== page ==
How to Install a Kitchen & Bathroom Sink
If you’d like to spruce up your kitchen or bathroom with a shiny new sink and faucet, you’ll be happy to know it’s a job that can be handled by those with just a little DIY experience. Depending on the scope of the overall job, this is usually a weekender project -often finished in just a couple hours.
First let’s talk about the types of sinks you’ll most likely encounter. Many sinks take up the entire surface of the cabinet, while others are recessed into the countertop material. Many bathroom sinks are part of the entire vanity top and require fewer steps for installation. To install a recessed sink, however, you’ll need to cut a hole in the countertop to accommodate it. This is usually not too complicated, and many manufacturers include a template to make things simpler. Most sinks of this type have a lip and simply drop down over the hole. Cutting the hole is more forgiving since the cut will hide beneath the lip. Other sinks of this type install from below, and the edge of the cut is exposed. This type of sink usually is installed in solid surface or stone countertops, where the holes are precut.
Regardless of the type of sink you will be installing, all pros agree that it is best to install the faucet and drain components to the sink before it is secured in place, because of the easier access. It is also easier to “rough in” the plumbing below without the sink, which tends to make a confined space even more confined. To do this, it’s best to turn the sink upside down on a soft, scratch free surface before attaching the faucet and drain assemblies. Later, once the sink is secured to the counter, it’s just a matter of tying the connections together. Below, we’ll discuss the basic steps involved in installing most sinks:
For recessed sinks, you’ll need to cut a hole in the countertop. Mark the back edge of the countertop and center your sink in the cabinet. If there is a template available, Use your center mark to line it up. Be sure to leave at least 1 ½ inches of space from the backsplash of the countertop. Trace around your template so that you can make your cut. If you don’t have a template, flip your sink over and make a center mark on the back lip. Hold the sink upside down on your countertop and line up the center mark on the sink with the centerline on the countertop. Remember to leave at least a 1 ½ inches from the back edge. Trace around your sink and remove it from the counter. Measure the width of the lip and subtract 1/8 of an inch. For example, if the lip of the sink is 1 inch, then mark a second line 7/8 of an inch inside of the outline you drew on your countertop. Use a drill bit slightly wider than a jigsaw blade and drill a hole in each corner of your outline. Make sure that you drill at a 90° angle. Next, use a jigsaw blade to cut from corner to corner. Carefully remove the cut out material. Inspect the opening to see if any trimming is needed.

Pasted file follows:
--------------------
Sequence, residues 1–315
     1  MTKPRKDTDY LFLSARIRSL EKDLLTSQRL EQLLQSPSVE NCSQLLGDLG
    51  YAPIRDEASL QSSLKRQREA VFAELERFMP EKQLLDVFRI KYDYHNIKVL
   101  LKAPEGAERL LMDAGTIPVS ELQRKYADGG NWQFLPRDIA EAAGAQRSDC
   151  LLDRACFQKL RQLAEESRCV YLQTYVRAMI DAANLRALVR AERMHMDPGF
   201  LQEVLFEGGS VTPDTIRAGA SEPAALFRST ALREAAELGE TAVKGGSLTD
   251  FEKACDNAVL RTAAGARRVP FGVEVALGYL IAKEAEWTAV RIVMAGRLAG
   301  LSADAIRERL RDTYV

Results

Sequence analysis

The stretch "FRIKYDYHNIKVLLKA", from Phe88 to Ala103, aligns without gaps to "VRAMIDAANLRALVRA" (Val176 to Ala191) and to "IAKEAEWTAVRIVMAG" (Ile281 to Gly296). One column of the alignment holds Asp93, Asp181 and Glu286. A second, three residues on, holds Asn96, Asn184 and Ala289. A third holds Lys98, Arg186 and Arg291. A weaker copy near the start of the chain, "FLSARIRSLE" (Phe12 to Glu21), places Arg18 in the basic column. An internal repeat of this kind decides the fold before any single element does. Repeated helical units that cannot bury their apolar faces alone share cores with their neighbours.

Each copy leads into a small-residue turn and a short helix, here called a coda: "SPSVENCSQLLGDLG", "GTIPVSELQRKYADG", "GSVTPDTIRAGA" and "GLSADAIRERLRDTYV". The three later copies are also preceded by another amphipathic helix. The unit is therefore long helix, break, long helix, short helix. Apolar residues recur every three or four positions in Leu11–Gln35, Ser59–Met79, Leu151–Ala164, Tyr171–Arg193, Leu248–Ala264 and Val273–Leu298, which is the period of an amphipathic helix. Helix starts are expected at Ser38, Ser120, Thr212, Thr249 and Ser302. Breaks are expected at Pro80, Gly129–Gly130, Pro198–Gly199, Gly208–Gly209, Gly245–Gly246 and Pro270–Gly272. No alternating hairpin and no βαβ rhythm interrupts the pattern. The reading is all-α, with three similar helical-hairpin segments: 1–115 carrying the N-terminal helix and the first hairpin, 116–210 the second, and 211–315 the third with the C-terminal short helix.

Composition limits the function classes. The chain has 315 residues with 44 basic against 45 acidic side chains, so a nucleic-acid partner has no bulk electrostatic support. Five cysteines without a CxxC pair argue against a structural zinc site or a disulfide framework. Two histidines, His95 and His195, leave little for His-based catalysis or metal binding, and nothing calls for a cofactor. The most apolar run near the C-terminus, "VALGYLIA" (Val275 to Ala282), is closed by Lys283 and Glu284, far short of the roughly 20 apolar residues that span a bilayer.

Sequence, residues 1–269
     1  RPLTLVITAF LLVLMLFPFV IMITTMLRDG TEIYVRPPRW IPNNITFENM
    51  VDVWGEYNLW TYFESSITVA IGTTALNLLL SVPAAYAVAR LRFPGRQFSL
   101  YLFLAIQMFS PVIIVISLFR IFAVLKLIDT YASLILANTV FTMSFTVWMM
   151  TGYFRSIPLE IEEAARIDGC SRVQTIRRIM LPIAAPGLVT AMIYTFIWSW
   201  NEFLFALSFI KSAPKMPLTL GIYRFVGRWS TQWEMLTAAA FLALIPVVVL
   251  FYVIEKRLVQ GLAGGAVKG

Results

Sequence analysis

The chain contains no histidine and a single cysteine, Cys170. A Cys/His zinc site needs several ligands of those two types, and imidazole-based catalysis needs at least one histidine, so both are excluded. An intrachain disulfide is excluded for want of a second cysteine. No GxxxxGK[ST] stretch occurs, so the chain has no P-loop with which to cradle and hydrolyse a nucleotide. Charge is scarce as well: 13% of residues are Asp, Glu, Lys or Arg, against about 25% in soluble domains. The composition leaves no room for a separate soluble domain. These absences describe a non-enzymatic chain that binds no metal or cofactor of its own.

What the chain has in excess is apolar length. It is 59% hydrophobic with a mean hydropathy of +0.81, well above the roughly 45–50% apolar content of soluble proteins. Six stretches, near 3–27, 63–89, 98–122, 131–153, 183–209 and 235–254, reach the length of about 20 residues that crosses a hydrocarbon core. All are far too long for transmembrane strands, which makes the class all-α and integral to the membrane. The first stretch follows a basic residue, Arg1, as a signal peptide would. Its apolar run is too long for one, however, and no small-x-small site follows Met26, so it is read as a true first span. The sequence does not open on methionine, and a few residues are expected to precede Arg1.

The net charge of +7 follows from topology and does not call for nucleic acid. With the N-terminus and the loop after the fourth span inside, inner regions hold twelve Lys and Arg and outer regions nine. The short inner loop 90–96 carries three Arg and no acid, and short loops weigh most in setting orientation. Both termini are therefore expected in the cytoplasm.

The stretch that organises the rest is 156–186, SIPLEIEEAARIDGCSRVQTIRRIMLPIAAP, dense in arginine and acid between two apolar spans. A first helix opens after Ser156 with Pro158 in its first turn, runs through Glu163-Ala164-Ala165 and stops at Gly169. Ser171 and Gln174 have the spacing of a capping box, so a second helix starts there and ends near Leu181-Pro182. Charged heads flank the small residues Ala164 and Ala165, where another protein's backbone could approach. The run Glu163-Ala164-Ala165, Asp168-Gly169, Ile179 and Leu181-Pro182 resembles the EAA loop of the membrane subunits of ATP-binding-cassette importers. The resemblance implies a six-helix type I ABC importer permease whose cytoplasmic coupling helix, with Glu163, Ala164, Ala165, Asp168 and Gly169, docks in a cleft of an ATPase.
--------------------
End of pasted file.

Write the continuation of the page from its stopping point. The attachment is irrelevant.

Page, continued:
Provided the faucet and waste assemblies are attached to the sink, run a bead of caulk around the hole in the countertop. Some manufacturers may include a sealer gasket with the sink, making the caulk unnecessary. Install the retaining clips around the sink’s edge and guide the sink into the hole. Tighten the retaining clips gradually, moving from clip to clip, and wiping excess caulk as it oozes from around the sink’s edge.
Make the final connections between the drain tailpiece and drain trap, as well as fastening the supply lines for the faucets. Using flexible connectors for supply may help this step go much smoother.